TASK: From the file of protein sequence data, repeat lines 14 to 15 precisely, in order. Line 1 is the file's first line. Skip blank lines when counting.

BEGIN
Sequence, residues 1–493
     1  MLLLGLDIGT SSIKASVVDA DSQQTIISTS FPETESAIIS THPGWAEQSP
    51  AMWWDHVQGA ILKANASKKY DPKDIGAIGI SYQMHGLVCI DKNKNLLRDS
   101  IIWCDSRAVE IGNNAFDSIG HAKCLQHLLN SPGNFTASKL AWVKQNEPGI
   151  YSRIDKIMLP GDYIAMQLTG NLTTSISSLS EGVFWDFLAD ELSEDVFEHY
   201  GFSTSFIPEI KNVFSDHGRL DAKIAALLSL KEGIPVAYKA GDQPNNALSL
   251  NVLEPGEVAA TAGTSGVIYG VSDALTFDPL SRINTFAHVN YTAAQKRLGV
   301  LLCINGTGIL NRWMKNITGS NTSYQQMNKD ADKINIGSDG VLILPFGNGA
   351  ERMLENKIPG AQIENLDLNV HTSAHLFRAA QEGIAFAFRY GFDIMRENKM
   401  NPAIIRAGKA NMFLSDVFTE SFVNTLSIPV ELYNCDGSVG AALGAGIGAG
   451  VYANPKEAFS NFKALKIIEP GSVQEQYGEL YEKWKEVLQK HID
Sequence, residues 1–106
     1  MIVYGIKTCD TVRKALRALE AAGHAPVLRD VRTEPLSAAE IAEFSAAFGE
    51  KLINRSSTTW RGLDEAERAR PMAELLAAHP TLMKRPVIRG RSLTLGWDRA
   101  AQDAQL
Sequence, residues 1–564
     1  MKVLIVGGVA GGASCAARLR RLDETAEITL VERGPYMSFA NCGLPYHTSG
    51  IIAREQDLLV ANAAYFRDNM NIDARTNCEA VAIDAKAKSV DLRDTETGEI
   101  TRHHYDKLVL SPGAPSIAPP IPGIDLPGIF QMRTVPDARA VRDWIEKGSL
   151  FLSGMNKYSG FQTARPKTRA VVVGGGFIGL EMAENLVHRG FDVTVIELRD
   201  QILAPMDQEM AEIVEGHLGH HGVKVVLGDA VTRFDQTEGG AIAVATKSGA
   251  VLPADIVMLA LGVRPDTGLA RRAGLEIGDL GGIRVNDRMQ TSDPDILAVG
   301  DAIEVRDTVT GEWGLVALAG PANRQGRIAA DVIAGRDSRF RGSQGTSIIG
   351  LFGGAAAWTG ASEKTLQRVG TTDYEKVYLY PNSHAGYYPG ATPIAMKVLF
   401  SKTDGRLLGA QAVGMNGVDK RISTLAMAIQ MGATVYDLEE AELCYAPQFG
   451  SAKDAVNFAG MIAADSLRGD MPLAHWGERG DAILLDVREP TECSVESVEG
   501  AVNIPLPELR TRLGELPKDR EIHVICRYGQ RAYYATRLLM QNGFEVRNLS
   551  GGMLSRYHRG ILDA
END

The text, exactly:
    51  KLINRSSTTW RGLDEAERAR PMAELLAAHP TLMKRPVIRG RSLTLGWDRA
   101  AQDAQL